For me short stories represent a wonderful kind of writing freedom. In a novel, each element as you introduce it will have to have its fulfillment later and be woven into the created whole fabric of the book. In a short story, you can be irresponsible. The short form is so good at catching life on the wing, flashes from the intensity and mystery of people's inner lives, their strange motivations, their yearnings. [...] I think you have to feel that you can hold a story in one hand, however it sprawls. It's a single thing; it's a single room, if you like, in the house of fiction. Whereas a novel is a whole house, and the writer (and reader) can move around inside its different spaces.

If you had to wait until the end of a novel to find out what to make of it, the novel would fail. But you can hold a short story in suspension as you read, waiting to see: Where will this go? Where must it stop? What does it mean, that it stops there? [...] a moment comes that seems to clinch something or change something, but it's not obvious what or how.
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2013: the year in books

Happy New Year, friends! I have to confess that I love this time of year on livejournal, as everyone posts their summaries and reflections, their resolutions and goals, their lists of books and movies and what have you... I've already shared my goals for the coming year, so now it's time for the annual reading list.

My reading seemed to go in phases this year: I had stretches of time where I loved every book I read, and other stretches where I spent ages slogging through two or three lackluster books in a row. In 2012, I narrowly missed my goal of reading 33 books so I set the same goal for 2013. I made it this time, but it was surprising to see that for the first half of the year I was on pace for a much higher total, and then slowed down significantly in the last three or four months. Interestingly, at the same time that my reading pace slowed, I decided I need to get a handle on my ever-growing pile of unread books and so forbade myself from checking anything out of the library. So that means I just couldn't get as excited about the books I own? Or I made the wrong choices from my shelf?

Enough talk! Here is the list (links go to the post that contains the closest thing to a review of each book that I wrote):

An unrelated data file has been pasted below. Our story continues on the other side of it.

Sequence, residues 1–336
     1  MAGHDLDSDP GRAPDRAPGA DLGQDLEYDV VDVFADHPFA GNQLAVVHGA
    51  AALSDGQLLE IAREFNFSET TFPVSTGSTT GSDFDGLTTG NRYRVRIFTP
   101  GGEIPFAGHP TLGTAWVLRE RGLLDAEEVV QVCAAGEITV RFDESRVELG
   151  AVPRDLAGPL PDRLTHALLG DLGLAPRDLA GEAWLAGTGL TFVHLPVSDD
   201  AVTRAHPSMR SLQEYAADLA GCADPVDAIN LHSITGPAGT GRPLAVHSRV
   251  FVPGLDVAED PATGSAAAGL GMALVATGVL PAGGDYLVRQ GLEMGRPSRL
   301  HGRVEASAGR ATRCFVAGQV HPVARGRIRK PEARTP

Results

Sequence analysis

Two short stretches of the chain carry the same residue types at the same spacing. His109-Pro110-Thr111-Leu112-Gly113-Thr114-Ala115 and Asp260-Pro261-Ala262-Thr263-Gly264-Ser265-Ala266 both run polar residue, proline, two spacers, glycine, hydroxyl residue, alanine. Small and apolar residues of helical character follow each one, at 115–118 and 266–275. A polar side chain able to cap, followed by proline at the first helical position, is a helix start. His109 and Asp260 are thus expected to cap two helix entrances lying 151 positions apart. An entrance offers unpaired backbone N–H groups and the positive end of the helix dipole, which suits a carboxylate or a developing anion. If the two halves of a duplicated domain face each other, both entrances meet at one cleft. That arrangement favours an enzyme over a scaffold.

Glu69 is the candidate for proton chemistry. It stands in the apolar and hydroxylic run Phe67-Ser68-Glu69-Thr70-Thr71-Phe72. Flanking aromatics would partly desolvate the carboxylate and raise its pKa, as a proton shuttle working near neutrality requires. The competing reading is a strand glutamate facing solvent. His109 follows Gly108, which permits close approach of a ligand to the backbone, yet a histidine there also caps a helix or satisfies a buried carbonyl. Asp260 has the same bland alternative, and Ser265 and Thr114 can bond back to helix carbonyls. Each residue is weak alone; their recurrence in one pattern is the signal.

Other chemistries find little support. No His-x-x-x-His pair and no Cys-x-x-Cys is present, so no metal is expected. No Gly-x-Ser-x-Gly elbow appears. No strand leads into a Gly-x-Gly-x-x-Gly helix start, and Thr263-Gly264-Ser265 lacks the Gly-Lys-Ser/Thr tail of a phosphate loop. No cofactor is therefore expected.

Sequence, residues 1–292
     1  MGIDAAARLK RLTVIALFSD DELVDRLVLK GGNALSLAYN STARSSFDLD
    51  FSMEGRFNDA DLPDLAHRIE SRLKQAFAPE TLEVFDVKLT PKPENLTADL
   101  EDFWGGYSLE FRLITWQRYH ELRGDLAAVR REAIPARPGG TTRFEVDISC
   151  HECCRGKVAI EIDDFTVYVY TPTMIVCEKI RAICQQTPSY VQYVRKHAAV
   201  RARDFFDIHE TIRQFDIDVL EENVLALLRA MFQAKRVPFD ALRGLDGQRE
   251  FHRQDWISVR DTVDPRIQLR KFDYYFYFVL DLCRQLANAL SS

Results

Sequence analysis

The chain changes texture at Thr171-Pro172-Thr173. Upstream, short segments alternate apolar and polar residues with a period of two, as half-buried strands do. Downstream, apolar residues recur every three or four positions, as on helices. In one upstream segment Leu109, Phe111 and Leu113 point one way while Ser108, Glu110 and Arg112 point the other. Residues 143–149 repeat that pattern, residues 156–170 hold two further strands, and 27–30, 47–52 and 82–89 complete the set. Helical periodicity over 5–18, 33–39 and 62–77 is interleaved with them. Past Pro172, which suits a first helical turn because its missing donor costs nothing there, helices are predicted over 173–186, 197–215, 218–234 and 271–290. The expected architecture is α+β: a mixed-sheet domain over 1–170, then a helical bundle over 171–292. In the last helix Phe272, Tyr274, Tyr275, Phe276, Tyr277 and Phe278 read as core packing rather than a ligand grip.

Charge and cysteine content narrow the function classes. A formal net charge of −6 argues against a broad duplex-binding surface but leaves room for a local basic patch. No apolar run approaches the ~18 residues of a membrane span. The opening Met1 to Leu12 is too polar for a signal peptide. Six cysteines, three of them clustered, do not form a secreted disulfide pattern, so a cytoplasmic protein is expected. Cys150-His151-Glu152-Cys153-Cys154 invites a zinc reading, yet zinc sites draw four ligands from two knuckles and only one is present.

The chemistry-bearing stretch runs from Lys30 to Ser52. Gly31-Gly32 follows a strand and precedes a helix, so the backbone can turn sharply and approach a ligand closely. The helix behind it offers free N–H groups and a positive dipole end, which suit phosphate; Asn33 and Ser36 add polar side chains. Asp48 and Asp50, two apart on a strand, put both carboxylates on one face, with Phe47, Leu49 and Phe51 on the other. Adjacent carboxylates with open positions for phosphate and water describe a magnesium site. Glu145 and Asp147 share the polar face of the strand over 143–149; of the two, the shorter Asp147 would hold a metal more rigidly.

01. Steppenwolf by Hermann Hesse
02. Toby's Room by Pat Barker
03. Every Man Dies Alone by Hans Fallada
04. Berlin Stories by Christopher Isherwood
05. The Line of Beauty by Alan Hollinghurst
06. Bad Dirt by Annie Proulx
07. Love Medicine by Louise Erdrich
08. Art and Fear by Ted Orland & David Bayles
09. The Last of the Handmade Dams by Bob Steuding (never posted a review--oops!)
10. The Brothers Karamazov by Fyodor Dostoyevsky
11. The Real and the Unreal: Where on Earth by Ursula K. Le Guin
12. Tenth of December by George Saunders
13. The Heart of the Matter by Graham Greene
14. The Art of Fielding by Chad Harbach
15. Plainwater by Anne Carson
16. The Charioteer by Mary Renault
17. A Gesture Life by Chang-rae Lee
18. Inscriptions for Headstones by Matthew Vollmer
19. Why Be Happy When You Could Be Normal? by Jeanette Winterson
20. Historic Tales from the Adirondack Almanack by John Warren
21. Ireland by William Trevor
22. Telegraph Avenue by Michael Chabon
23. Martin Dressler by Steven Millhauser
24. Where Angels Fear to Tread by E.M. Forster
25. A Humument by Tom Phillips
26. The Sheltering Sky by Paul Bowles
27. The King Must Die by Mary Renault
28. We the Animals by Justin Torres
29. Wolf Hall by Hilary Mantel
30. Bring Up the Bodies by Hilary Mantel
31. Gone Girl by Gillian Flynn
32. Giants in the Earth by O.E. Rolvaag
33. Angle of Repose by Wallace Stegner
34. An Everlasting Meal by Tamar Adler

Not a single re-read this year--how unusual! Only 12 of my 34 books were by women, which is also unusual--I usually come closer to a 50/50 split. Far more nonfiction than usual, and fewer short story collections. For my own interest, here is the list divided up a couple of different ways:

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My favorites this year:

Berlin Stories by Christopher Isherwood: Two closely linked novellas with narrators that are highly observant of others and intriguingly effaced themselves. Clever and compelling and full of beautiful prose. A pure pleasure to read!

Love Medicine by Louise Erdrich. A brilliant example of the novel-in-stories, this book provides a complicated portrait of two families over several generations. I loved Erdrich's variety of narrators and the way she subtly traced the long ripples of history through her characters' lives. Erdrich's use of language is so rich it feels decadent.

Tenth of December by George Saunders. Brilliant, brutal, heartbreaking, funny. This is on everybody's "Best Books of 2013" lists, and it belongs on all of them.

The Charioteer by Mary Renault. Fun, fun, fun. A soap opera, sure, but it grabbed hold of my emotions and made me feel like a teenager. It's a flawed book, but I loved it anyway.

Wolf Hall by Hilary Mantel. I hated the first hundred pages, but now I'm ready to call it the best book I read all year. This book is so smart, so sharp, so gripping. It's full of fantastic characterizations and sly humor. I can't remember the last time I was so engrossed in a book.

Other titles I would recommend include Every Man Dies Alone, The Real and the Unreal, Why Be Happy When You Could Be Normal?, Where Angels Fear to Tread, and Bring Up the Bodies.